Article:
Conference Coverage

Expert advises how to use shingles vaccine in rheumatology patients


 

EXPERT ANALYSIS FROM RWCS 2016

References

MAUI, HAWAII – The herpes zoster vaccine is particularly important in patients with rheumatic diseases because their risks of shingles and postherpetic neuralgia are substantially higher than in the general population, Dr. John J. Cush observed at the 2016 Rheumatology Winter Clinical Symposium.

This is a live attenuated virus vaccine, and the rules regarding its use in patients with rheumatic diseases are fairly complicated. Here’s what physicians need to know: the Centers for Disease Control and Prevention and the Advisory Committee on Immunization Practices say the shingles vaccine can safely be given to patients on prednisone at less than 20 mg/day, azathioprine at up to 3 mg/kg/day, or methotrexate at up to 0.4 mg/kg/week, which works out to about 25 mg/week in anyone weighing more than 136 pounds.

Dr. John J. Cush jancin

Dr. John J. Cush

However, the shingles vaccine is contraindicated in patients on recombinant biologic agents, including tumor necrosis factor (TNF) inhibitors, abatacept (Orencia), rituximab (Rituxan), or Janus kinase inhibitors, explained Dr. Cush, professor of medicine and rheumatology at Baylor University, Dallas, and director of clinical rheumatology at the Baylor Research Institute.

The lifetime risk of shingles in the general population is roughly one in three. The risk in patients with rheumatoid arthritis is roughly twice that of the age-matched general population, and the risks are substantially greater than that in individuals with other rheumatic diseases, including lupus and granulomatosis with polyangiitis.

Payers cover the vaccine in patients age 60 or older. The vaccine is approved for and has been shown to be effective in 50- to 59-year-olds as well, but that typically entails an out-of-pocket expense of around $200.

Given that close to 60% of all rheumatoid arthritis patients will eventually be placed on biologic therapy, Dr. Cush believes in seizing any opportunity to give the shingles vaccine in age-appropriate patients beforehand. However, he advises against temporarily stopping a biologic for the express purpose of administering the live virus vaccine.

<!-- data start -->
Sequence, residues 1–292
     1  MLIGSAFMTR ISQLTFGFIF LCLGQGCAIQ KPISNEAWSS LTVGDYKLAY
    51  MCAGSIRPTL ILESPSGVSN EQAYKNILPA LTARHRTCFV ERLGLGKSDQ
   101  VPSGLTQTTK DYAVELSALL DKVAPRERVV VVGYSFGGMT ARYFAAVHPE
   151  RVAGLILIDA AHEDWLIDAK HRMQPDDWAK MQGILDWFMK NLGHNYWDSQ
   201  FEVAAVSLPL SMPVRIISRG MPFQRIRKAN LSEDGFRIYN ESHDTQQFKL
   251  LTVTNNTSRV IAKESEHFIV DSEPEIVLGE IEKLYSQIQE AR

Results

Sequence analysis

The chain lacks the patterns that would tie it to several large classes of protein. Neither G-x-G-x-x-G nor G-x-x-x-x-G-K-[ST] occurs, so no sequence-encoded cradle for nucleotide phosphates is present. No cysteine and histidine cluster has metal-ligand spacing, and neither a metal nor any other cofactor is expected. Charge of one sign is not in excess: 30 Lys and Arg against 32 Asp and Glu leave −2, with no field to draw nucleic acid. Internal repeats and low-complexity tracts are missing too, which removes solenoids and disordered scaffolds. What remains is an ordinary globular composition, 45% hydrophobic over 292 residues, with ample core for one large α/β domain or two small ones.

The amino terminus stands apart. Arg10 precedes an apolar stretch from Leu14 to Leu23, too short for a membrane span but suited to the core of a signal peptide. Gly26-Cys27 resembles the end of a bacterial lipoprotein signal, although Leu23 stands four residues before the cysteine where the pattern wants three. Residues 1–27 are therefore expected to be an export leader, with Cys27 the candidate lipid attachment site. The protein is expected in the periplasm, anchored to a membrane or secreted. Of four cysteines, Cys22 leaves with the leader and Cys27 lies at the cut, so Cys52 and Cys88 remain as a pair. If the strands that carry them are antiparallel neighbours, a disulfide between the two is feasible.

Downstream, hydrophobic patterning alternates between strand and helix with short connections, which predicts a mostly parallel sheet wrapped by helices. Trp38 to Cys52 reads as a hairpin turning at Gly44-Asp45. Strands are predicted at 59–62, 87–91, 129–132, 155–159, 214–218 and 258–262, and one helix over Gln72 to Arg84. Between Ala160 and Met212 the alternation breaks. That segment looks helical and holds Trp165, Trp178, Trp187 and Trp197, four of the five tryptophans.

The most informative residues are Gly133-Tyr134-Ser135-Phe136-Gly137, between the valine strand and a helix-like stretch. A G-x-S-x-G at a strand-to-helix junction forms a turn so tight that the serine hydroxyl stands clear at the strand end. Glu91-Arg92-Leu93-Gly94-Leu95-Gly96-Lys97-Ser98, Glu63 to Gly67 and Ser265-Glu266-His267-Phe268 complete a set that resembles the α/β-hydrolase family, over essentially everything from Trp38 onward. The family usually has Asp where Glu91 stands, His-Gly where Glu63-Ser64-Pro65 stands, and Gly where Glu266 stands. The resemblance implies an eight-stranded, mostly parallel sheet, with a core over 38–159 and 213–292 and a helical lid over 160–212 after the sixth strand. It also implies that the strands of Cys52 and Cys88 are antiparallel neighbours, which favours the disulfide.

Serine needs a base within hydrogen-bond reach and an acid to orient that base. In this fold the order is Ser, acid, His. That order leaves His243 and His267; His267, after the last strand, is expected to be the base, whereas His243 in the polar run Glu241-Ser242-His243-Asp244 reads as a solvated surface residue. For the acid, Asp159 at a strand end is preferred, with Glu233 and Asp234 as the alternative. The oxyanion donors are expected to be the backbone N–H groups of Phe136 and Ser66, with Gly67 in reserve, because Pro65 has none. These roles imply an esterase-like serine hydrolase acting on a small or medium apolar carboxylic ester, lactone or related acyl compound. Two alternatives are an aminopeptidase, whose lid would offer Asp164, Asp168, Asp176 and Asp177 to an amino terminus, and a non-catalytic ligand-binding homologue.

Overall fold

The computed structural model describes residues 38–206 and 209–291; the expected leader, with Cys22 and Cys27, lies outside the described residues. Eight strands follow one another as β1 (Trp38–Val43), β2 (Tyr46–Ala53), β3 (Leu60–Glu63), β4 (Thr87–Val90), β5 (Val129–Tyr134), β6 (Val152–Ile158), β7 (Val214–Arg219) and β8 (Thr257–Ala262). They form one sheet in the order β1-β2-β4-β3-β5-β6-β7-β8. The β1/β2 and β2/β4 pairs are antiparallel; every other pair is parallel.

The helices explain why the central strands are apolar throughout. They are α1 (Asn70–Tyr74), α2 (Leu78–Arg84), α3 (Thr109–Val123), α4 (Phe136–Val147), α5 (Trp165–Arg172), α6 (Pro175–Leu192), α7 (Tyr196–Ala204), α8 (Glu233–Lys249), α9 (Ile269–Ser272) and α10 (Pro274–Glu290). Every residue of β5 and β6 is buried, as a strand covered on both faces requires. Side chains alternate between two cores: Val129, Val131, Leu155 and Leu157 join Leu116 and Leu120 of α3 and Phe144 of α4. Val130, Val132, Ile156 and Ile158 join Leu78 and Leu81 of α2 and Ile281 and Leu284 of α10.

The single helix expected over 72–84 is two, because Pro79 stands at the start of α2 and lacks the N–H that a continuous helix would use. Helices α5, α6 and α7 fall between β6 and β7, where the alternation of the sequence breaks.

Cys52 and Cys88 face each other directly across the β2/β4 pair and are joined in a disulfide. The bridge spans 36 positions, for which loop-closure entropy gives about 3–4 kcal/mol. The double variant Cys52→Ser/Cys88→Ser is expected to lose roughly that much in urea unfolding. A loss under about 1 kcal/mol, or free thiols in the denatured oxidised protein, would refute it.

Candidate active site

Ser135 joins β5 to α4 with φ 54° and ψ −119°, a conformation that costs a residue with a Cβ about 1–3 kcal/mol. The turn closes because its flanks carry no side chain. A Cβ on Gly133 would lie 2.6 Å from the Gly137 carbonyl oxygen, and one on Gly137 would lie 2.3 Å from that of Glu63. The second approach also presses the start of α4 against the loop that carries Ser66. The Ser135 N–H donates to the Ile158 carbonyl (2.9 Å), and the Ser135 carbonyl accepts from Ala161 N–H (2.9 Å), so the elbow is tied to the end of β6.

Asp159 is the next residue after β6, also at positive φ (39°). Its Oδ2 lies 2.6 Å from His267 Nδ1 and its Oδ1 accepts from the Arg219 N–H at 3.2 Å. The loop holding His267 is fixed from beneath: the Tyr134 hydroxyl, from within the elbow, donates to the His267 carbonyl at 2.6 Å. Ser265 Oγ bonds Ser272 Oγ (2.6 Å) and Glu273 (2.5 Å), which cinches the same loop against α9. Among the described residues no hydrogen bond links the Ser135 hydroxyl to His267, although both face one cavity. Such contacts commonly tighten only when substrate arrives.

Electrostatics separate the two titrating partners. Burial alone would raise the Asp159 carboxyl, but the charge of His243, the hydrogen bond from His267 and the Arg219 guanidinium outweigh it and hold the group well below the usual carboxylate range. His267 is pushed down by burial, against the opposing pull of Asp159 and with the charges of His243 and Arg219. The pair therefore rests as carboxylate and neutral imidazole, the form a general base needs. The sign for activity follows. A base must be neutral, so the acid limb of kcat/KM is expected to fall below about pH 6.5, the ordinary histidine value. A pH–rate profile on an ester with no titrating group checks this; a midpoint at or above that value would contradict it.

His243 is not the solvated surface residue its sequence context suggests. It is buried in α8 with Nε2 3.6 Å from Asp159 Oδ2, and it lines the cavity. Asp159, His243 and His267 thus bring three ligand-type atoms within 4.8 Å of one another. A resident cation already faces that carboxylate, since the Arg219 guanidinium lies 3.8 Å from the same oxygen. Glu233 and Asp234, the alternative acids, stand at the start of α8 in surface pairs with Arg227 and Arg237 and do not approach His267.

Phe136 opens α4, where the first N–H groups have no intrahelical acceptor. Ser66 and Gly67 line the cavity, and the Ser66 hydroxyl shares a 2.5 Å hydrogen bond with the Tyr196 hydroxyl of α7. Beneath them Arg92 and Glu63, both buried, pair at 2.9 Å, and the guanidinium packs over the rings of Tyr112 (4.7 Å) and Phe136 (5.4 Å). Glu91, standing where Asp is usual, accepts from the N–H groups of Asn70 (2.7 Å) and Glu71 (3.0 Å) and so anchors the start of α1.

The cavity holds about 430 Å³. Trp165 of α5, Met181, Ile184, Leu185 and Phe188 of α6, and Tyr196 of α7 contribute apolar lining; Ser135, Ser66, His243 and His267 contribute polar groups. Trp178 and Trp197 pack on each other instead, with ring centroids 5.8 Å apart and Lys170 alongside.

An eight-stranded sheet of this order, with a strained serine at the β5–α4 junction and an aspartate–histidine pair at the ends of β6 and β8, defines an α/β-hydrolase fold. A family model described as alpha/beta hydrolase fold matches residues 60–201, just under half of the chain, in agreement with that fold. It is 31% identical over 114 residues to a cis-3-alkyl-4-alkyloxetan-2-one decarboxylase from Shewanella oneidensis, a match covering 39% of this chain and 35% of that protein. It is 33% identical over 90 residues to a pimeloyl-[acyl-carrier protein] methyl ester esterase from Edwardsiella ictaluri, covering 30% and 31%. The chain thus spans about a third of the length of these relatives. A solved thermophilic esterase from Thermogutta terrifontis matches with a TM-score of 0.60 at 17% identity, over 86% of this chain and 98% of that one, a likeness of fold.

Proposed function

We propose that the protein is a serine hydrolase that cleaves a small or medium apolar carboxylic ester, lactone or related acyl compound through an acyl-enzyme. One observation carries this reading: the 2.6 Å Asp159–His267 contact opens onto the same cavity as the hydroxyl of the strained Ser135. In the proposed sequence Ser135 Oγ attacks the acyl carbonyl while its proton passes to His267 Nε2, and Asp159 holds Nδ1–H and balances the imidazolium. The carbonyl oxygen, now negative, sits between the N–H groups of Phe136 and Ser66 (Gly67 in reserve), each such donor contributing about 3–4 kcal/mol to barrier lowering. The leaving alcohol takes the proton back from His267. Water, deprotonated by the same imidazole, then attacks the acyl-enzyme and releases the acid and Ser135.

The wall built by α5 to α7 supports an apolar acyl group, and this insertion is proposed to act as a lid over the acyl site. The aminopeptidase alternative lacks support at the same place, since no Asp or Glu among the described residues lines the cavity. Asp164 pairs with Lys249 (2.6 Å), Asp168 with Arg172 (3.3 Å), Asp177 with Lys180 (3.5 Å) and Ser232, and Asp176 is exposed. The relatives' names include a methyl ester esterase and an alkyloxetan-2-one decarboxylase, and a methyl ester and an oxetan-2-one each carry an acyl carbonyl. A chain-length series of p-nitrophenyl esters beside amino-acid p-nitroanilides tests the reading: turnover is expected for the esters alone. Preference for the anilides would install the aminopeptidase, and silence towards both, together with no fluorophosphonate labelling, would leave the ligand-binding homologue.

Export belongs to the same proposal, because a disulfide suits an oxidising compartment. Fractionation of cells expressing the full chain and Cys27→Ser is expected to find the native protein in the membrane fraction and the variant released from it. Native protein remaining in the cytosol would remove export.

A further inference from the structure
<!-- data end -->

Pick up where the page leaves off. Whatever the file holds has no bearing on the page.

“Find the opportunity: between changes in medication, after they have surgery, during a lapse in therapy,” he suggested.

It’s recommended that Zostavax be deferred until after a patient has been off biologic therapy or high-dose steroids for at least 4 weeks, and that a biologic agent shouldn’t be started for 2-4 weeks after vaccination.

The shingles vaccine can safely be given with multiple inactivated virus vaccines such as an influenza vaccine or pneumococcal vaccine on a single day.

Controversy surrounds the issue of whether TNF inhibitors increase the risk of shingles. Several retrospective studies have reported they do. But the largest retrospective study, involving more than 33,000 new users of anti-TNF agents, found that patients with rheumatoid arthritis, psoriasis, psoriatic arthritis, ankylosing spondylitis, and other inflammatory diseases who initiated anti-TNF therapy weren’t at any higher risk of herpes zoster than those who started on methotrexate or other nonbiologic disease-modifying antirheumatic drugs (JAMA. 2013 Mar 6;309[9]:887-95). The lead investigator in this study, Dr. Kevin L. Winthrop of Oregon Health and Science University, Portland, is currently conducting a prospective study in an effort to confirm these findings.

The recommendation against giving the zoster vaccine to patients while on biologics is based upon the theoretical risk that exposure to the live attenuated virus will trigger an acute shingles attack. However, when Dr. Cush conducted a survey of his fellow rheumatologists, they reported that among more than a collective 200 patients inadvertently given the vaccine while on biologic therapy, not one case of shingles subsequently occurred over the short term.

More persuasively, Dr. Jeffrey R. Curtis of the University of Alabama at Birmingham and coinvestigators conducted a formal retrospective study of close to a half-million Medicare patients and found there were no cases of herpes zoster or varicella within 42 days following inadvertent vaccination of 633 patients while on biologics. During a median 2-year follow-up of Medicare patients with rheumatoid arthritis and other immune-mediated diseases, herpes zoster vaccination was associated with a 39% reduction in the risk of shingles (JAMA. 2012 Jul 4;308[1]:43-9).

“You shouldn’t be vaccinating for herpes zoster while patients are on a biologic, but you know what? If it happens, don’t wig out. Move on and try to avoid it,” Dr. Cush advised.

In any event, this is an issue that is eventually likely to go away. An inactivated virus vaccine for the prevention of shingles is now in clinical trials. It appears to be more effective than the current vaccine, according to the rheumatologist.

He reported having no financial interests relevant to his presentation.

bjancin@frontlinemedcom.com

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